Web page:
In passing, defendants also suggest that this court should decline jurisdiction in the interest of comity even if TIA does not pose a jurisdictional bar. (MTD (Doc. No. 7-2) at 5-6.) However, because plaintiff is not challenging a tax imposed by the state, it also appears that his federal civil rights action is not barred from federal court consideration by principles of comity. See Hibbs, 542 U.S. at 107, n.9 ("[T]his court has relied on 'principles of comity,' . . . to preclude original federal- court jurisdiction only when plaintiffs have sought district-court aid in order to arrest or countermand state tax collection."); But see Levin v. Commerce Energy, Inc., ___U.S.___, ___, 130 S. Ct. 2323, 2334-37 (2010) (concluding that comity considerations required that complaint of alleged discriminatory state taxation first proceed in state court since an adequate state court forum was available to hear and decide the plaintiffs' constitutional claims).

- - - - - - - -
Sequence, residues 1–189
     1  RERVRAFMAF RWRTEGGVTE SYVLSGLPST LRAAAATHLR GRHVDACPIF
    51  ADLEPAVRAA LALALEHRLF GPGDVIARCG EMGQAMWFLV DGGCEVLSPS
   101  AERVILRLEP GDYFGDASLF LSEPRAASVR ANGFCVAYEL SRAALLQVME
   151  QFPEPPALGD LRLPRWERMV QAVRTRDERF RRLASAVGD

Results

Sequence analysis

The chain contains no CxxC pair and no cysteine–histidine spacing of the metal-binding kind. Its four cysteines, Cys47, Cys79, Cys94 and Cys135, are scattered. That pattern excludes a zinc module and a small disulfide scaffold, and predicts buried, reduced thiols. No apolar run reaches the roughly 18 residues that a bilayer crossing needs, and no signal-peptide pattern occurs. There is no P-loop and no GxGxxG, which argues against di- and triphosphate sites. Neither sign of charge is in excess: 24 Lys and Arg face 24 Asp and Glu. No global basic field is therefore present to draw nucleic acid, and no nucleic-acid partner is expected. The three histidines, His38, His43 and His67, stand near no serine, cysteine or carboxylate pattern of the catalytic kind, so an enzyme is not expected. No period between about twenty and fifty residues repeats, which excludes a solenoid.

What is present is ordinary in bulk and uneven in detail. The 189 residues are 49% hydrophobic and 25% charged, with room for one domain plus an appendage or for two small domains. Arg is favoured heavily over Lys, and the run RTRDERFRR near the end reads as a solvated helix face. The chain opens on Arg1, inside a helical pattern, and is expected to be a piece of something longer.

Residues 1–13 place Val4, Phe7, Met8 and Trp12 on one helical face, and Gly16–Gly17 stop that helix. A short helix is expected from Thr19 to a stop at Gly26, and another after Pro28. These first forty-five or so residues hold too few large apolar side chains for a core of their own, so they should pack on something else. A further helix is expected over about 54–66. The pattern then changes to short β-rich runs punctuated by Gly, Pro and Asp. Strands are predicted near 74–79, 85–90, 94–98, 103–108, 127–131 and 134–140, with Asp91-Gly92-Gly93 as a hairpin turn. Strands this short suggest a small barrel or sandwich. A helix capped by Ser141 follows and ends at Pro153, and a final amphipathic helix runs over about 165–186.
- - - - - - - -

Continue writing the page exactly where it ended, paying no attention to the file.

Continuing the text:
Having determined that plaintiff's action is not jurisdictionally barred by the TIA and that defendants have failed, at this time, to persuade that principles of comity require the court to decline to exercise jurisdiction, the undersigned turns to defendants' motion to dismiss pursuant to Rule 12(b)(6). A Due Process claim brought pursuant to the Fourteenth Amendment may be based upon substantive or procedural Due Process. To state a substantive Due Process claim, plaintiff must allege "a state actor deprived [him] of a constitutionally protected life, liberty, or property interest." Shanks v. Dressel, 540 F.3d 1082, 1087 (9th Cir. 2008). To put it another way, the concept of substantive Due Process, "forbids the government from depriving a person of life, liberty, or property in such a way that 'shocks the conscience' or 'interferes with rights implicit in the concept of ordered liberty.'" Nunez v. City of Los Angeles, 147 F.3d 867, 871 (9th Cir. 1998) (quoting Rochin v. California, 342 U.S. 165, 172 (1952)). To state a claim for violation of procedural Due Process, plaintiff must allege: (1) a deprivation of a constitutionally protected liberty or property interest, and (2) a denial of adequate procedural protections. Kildare v. Saenz, 325 F.3d 1078, 1085 (9th Cir. 2003).